Think about polishing silver.  When polishing silver, you take away the tarnish, that is, all of the things that pollute the outside and keep the silver from shining.  What’s keeping you from shining?  What’s keeping you from being all that you were designed to be?  How will you remove the tarnish and unleash your shine?  What will you polish?

In Desert Places

In Uncategorized on July 16, 2009 at 10:09 pm

In Desert Places

Veda McClain, Ph.D.


When God takes us to desert places, He also takes us through those places.  Desert places test our faith; that is faith in His ability to act in our lives.  Faith must be tested and like the refined, we must be tested through fire.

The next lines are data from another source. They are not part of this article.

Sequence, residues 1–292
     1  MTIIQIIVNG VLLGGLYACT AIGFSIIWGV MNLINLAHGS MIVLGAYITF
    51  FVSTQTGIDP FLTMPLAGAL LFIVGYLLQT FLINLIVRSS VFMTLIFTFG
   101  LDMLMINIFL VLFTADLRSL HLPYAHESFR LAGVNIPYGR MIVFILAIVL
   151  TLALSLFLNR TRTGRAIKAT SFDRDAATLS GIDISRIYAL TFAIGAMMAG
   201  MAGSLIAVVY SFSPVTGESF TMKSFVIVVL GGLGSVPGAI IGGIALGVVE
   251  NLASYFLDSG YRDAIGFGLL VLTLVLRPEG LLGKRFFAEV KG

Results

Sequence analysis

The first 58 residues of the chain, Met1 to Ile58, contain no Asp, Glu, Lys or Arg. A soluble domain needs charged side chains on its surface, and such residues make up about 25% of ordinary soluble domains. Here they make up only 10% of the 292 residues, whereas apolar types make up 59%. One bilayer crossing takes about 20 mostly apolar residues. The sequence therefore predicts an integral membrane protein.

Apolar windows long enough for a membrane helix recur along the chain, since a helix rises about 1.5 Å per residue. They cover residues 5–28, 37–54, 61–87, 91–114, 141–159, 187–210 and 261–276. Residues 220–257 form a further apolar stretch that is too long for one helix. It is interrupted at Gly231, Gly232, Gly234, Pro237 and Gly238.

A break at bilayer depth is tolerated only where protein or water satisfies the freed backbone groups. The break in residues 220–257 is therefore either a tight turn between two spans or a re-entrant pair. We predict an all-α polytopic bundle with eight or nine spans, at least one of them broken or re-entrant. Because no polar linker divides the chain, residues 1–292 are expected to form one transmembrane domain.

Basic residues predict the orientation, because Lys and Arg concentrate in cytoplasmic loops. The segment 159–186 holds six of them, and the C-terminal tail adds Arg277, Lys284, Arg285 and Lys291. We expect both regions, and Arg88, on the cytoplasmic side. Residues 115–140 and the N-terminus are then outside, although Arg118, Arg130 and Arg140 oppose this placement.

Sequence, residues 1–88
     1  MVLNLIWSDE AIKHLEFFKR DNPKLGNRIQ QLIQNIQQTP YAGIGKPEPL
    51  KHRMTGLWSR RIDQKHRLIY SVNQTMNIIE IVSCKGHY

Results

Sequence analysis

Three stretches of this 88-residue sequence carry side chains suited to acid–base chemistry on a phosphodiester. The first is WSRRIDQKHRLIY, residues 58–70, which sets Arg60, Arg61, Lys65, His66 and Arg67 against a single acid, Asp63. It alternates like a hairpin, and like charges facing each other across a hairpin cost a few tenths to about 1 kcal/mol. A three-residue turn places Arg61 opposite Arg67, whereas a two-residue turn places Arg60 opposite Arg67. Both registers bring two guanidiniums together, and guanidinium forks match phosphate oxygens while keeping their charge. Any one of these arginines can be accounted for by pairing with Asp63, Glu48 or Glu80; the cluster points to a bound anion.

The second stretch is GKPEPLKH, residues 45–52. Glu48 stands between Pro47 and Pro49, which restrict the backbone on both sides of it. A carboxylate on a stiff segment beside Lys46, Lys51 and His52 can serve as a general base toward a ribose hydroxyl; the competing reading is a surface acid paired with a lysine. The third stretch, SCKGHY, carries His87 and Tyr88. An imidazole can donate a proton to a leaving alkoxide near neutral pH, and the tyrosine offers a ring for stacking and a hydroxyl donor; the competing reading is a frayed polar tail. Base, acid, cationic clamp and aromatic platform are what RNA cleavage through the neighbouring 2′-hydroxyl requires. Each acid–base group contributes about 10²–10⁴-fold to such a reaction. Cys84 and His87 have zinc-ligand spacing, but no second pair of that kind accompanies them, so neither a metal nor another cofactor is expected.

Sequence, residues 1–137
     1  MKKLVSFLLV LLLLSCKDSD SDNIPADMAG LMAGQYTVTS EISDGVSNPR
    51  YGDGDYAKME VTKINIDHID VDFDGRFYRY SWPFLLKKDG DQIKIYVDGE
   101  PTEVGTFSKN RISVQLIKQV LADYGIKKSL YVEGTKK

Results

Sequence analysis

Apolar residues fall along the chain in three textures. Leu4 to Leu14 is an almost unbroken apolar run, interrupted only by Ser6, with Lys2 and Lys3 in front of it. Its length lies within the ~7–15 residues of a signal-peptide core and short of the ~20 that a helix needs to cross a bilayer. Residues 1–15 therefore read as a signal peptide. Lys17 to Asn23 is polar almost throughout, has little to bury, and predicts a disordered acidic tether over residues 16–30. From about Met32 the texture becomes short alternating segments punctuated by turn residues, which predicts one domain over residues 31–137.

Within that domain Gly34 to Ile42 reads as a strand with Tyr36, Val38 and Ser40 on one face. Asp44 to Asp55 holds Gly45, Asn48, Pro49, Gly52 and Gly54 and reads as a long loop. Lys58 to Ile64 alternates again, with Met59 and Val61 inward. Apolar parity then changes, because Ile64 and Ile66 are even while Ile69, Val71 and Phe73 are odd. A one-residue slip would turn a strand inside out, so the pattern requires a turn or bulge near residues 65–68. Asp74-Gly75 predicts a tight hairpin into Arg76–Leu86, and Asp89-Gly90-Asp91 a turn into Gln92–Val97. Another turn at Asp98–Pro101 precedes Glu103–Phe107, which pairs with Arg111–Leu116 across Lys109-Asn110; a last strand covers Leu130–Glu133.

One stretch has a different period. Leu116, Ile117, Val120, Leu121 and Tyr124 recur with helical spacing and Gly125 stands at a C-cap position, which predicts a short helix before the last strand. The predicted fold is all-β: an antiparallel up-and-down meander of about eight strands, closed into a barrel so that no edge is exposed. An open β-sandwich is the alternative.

One characteristic of the desert is heat.  When we are in desert places, God uses the heat to draw us closer to Him just as a refiner uses heat to create the silver metal object.  Before the metal is placed in the heat, it has a form or shape, but it has not taken on the shape for which it was created.  It is only through the fire that the object begins to be shaped for its purpose.


As humans in desert places, we experience extreme heat.  Through the heat, we sweat off the impurities that hinder our walk with the Lord and that keep us from becoming more Christ-like.  The heat makes us evaluate our own faith as we pause and look to God for our next step.  As we lose the impurities, we are able to better focus on God and His design for our lives as we become more like Him.  It is said that the silver refiner holds the silver object in the heat until he can see his own reflection in the piece.  And so it is with God, that He allows us to remain in desert places until He can see more of Himself reflected in us.